If the parables, then, are not allegorical mysteries for the church, what did Jesus mean in Mark 4:10-12 by the mystery of the kingdom and its relationship to parables? Most likely the clue to this saying lies in a play on words in Jesus’ native Aramaic. The word methal, which was translated parabolē in Greek, was used for a whole range of figures of speech in the riddle/puzzle/parable category, not just for the story variety called “parables” in English. Probably verse 11 meant that the meaning of Jesus’ ministry (the secret of the kingdom) could not be perceived by those on the outside; it was like a methal, a riddle, to them. Hence his speaking in mathelin (parables) was part of the methal (riddle) of his whole ministry to them. They saw, but they failed to see; they heard—and even understood—the parables, but they failed to hear in a way that led to obedience.

[… N]ot all the sayings we label as parables are of the same kind. There is a basic difference, for example, between the Good Samaritan (true parable) on the one hand and the Yeast and the Dough (similitude) on the other, and both of these differ from the saying “You are the salt of the earth” (metaphor), or, “Do people pick grapes from thorn bushes, or figs from thistles?” (epigram). Yet all of these can be found from time to time in discussions of the parables.

The Good Samaritan is an example of a true parable. It is a story, pure and simple, with a beginning and an ending; it has something of a “plot.” Other such story parables include the Lost Sheep, the Prodigal Son, the Great Banquet, the Workers in the Vineyard, the Rich Man and Lazarus, and the Ten Virgins.

The Yeast in the Dough, on the other hand, is more of a similitude. What is said of the yeast, or the sower, or the mustard seed was always true of yeast, sowing, or mustard seeds. Such “parables” are more like illustrations taken from everyday life that Jesus used to make a point.

Such sayings as “you are the salt of the earth” differ from both of these. These are sometimes called parabolic sayings, but in reality they are metaphors and similes. At times they seem to function in a way similar to the similitude, but their point—their reason for being spoken—is considerably different.

It should be noted further that in some cases, especially that of the Wicked Tenants (Mark 12:1-11; Matt 21:33-44; Luke 20:9-18), a parable may approach something very close to allegory, where many of the details in a story are intended to represent something else (such as in Augustine’s misinterpretation of the Good Samaritan). But the parables are not allegories—even if at times they have what appear to us to be allegorical features. The reason we can be sure of this has to do with their differing functions.5

Because Jesus Himself shared many types of stories — including but not limited to allegory — we need not feel we must hold other stories, even secular ones, to any higher standard.

We need not insist any fantastical tales be limited to allegory, and if they are not (especially if an author said they were not) suspect those stories are not “useful.” Christ himself did not follow such a “rule.” He can be glorified in many story genres, allegory and otherwise!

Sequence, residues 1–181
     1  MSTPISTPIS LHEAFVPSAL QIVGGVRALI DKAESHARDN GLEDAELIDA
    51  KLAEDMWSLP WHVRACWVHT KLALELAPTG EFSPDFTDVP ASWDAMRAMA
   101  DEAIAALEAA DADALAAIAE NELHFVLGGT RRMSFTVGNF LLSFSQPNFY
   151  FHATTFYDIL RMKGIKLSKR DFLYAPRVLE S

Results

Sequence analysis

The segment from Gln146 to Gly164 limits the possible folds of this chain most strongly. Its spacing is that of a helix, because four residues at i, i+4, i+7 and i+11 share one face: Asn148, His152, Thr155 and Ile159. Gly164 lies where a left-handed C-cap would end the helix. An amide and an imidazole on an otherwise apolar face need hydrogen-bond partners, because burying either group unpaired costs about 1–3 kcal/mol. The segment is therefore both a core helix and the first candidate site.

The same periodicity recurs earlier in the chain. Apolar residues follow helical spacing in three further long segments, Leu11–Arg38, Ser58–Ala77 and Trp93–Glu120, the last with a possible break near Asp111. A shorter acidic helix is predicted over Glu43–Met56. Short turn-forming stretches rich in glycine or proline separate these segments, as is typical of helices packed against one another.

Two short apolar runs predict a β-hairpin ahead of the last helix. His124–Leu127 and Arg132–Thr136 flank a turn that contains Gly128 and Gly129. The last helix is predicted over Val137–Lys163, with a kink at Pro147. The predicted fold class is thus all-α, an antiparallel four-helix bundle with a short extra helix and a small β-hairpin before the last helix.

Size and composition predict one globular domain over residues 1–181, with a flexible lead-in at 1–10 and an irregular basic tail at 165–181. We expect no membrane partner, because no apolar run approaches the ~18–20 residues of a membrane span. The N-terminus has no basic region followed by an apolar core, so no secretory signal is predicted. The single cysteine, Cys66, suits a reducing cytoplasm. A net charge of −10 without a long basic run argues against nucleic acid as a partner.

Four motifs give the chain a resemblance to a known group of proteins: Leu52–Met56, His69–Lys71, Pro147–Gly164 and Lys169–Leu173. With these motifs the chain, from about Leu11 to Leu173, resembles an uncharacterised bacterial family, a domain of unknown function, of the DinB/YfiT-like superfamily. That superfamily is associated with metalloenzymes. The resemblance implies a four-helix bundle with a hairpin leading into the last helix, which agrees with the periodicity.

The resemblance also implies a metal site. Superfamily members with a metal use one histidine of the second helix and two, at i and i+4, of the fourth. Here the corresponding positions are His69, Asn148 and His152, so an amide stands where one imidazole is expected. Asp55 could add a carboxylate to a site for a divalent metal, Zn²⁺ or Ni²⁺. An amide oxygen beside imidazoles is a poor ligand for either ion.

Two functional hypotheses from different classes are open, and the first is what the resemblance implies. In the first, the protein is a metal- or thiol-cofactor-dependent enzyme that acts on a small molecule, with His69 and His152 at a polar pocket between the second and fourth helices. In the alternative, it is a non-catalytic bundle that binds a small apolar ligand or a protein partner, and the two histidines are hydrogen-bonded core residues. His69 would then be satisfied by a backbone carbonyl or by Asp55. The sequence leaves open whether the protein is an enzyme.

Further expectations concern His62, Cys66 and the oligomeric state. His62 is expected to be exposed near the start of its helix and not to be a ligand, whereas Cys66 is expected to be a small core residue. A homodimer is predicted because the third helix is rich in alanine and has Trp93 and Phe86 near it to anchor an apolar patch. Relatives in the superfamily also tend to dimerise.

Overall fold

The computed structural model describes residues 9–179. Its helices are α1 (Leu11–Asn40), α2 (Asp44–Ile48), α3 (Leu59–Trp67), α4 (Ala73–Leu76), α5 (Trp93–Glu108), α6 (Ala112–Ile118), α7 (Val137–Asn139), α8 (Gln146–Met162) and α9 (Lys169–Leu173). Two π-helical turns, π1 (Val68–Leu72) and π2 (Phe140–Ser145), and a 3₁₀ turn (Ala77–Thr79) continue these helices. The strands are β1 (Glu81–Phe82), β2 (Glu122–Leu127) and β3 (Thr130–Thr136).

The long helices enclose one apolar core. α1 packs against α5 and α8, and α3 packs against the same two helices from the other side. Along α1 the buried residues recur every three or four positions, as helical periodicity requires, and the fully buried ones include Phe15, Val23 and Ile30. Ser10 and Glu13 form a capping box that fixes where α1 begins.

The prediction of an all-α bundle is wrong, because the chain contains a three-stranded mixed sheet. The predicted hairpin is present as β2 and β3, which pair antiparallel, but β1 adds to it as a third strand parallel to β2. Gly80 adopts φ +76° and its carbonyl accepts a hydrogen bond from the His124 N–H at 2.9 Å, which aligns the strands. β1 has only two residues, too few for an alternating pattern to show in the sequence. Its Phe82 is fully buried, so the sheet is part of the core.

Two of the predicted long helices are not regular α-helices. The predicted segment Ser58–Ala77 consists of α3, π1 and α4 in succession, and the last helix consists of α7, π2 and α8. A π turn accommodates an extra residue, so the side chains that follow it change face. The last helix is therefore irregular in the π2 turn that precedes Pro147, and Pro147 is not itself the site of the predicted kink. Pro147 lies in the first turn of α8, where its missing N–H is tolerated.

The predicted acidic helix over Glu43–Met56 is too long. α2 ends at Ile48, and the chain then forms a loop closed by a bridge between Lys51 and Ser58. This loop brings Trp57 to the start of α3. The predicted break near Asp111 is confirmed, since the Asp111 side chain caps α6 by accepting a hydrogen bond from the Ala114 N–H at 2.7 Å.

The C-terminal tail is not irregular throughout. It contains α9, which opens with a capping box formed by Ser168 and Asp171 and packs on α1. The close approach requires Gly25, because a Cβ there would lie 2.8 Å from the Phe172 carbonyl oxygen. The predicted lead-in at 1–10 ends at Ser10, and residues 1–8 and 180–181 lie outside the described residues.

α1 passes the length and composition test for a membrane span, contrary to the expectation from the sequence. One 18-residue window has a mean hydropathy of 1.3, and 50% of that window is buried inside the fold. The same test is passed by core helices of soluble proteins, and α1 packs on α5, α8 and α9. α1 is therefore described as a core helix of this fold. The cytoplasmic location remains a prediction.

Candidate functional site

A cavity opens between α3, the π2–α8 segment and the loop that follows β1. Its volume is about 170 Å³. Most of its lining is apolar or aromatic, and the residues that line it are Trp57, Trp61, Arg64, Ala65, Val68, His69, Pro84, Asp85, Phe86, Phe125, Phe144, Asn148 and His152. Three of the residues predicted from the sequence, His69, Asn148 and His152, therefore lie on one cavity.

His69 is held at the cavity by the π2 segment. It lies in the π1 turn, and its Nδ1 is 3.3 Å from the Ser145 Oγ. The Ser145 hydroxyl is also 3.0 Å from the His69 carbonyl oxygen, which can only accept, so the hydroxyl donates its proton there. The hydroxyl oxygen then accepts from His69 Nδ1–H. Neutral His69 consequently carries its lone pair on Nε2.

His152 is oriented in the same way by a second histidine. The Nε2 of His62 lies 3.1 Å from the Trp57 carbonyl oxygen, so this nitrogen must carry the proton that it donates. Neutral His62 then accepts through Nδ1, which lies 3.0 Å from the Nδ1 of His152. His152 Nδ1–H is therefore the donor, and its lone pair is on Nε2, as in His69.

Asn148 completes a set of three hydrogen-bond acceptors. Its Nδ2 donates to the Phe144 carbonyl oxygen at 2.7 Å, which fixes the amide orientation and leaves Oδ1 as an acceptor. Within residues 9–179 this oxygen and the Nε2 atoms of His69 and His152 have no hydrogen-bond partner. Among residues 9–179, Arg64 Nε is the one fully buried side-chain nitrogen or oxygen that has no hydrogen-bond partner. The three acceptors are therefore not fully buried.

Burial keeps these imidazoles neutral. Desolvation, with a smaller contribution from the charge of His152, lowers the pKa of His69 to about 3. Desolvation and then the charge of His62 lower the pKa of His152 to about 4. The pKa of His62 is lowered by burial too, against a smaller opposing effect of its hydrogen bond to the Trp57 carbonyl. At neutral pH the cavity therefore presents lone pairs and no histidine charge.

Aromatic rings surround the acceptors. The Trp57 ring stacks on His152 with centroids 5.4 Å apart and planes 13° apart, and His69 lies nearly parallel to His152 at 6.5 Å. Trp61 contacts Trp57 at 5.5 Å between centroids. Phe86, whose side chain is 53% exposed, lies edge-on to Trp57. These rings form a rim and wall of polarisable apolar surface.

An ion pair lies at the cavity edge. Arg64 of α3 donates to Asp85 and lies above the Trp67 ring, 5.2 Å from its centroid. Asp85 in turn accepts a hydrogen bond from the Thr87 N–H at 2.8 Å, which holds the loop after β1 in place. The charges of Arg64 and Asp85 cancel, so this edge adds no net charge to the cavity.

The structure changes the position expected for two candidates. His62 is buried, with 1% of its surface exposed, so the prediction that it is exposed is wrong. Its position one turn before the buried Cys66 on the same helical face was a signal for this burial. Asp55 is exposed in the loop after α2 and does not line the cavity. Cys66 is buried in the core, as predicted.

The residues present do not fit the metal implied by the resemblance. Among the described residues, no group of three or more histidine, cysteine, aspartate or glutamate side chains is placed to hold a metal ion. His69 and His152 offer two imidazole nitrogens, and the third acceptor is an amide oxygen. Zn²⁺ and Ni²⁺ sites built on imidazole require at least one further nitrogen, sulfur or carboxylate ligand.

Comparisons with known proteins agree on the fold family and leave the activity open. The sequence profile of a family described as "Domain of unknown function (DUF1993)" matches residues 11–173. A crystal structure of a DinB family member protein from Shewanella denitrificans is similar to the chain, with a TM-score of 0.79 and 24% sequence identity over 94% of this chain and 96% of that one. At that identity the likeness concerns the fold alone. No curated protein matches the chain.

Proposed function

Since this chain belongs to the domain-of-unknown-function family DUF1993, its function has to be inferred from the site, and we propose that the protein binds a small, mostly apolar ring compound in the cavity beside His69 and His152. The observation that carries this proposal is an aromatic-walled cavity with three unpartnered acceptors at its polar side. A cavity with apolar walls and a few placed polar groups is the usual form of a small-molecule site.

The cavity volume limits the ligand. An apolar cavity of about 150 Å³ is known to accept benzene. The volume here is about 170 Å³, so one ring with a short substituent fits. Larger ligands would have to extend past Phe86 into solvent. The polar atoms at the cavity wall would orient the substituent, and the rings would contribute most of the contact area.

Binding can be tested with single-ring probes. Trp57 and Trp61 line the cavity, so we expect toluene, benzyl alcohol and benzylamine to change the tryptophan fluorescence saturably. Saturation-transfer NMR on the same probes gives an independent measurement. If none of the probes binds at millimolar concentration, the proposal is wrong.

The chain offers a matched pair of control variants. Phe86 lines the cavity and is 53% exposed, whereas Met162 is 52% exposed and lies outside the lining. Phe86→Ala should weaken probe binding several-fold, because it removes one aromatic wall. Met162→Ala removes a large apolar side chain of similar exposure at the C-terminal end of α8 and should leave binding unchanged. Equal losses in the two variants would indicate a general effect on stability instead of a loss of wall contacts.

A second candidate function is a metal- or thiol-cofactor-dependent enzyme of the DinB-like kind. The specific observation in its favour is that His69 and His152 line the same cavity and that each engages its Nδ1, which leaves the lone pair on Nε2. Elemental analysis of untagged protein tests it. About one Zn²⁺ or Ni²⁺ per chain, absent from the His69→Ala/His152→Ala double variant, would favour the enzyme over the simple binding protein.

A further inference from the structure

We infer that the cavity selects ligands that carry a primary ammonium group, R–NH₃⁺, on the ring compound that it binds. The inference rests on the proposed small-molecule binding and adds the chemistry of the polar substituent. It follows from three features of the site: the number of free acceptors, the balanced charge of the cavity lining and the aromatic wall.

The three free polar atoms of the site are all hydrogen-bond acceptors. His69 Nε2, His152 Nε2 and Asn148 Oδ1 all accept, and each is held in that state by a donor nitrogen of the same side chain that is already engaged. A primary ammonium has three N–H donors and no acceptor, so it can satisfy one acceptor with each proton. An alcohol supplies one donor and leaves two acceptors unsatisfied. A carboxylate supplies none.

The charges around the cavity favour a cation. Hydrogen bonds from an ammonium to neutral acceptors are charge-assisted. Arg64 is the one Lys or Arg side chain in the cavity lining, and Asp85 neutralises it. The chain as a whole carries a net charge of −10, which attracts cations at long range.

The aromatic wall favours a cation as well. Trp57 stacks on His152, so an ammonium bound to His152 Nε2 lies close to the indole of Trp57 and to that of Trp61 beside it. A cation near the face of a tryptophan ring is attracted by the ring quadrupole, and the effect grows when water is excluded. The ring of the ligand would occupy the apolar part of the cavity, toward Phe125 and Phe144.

1. Luke 18: 9–14.
  2. Luke 12:13–21.
  3. Matt. 25: 14–30
  4. 1 Sam. 16.
  5. How to Read the Bible for All Its Worth, Gordon D. Fee and Douglas Stuart (Zondervan, 2003). 149–152.
E. Stephen Burnett is coauthor (with Ted Turnau and Jared Moore) of The Pop Culture Parent: Helping Kids Engage Their World for Christ, which will release in spring 2020 from New Growth Press. He also explores biblical truth and fantastic stories as editor in chief of Lorehaven Magazine and writer at Speculative Faith. He has also written for Christianity Today and Christ and Pop Culture. He and his wife, Lacy, live in the Austin area and serve as members of Southern Hills Baptist Church.

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Joanna
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Follows posted links … “What? Lecrae was in Believe Me? Oh, the movie scene…”

Follows other link about Narnia…. Oh, look. Has to make more false jabs at Harry Potter…

Yikes!

“Things change shape.  Nothing is really real.  There is no need for a Savior.  One merely has to have the right incantations and formulas to manipulate reality for one’s own selfish ends.”

….Good heavens! Reading things like this still makes my heart hurt, as my one greatest regret in life was believing this until college, and by then, then ending was spoiled for me, and so I will never know that acute shock and pain in “The Lighting Struck Tower,” and the following amazement and grief as the story turns inside out in “The Prince’s Tale,” and suddenly everything that was so foggy comes into crystal clarity.

I’ll never feel the whole shock of grief from Fred’s departure. Or Sirus’. Or Lupin’s.

For that reason, I will zealously guard any children I have from such spoilers until they are ready to read the books – or to have them read to them.

 

…sorry, what were we talking about? You distracted me with links… 😀

DD
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How to Read the Bible for All Its Worth is an excellent resource. Highly recommended.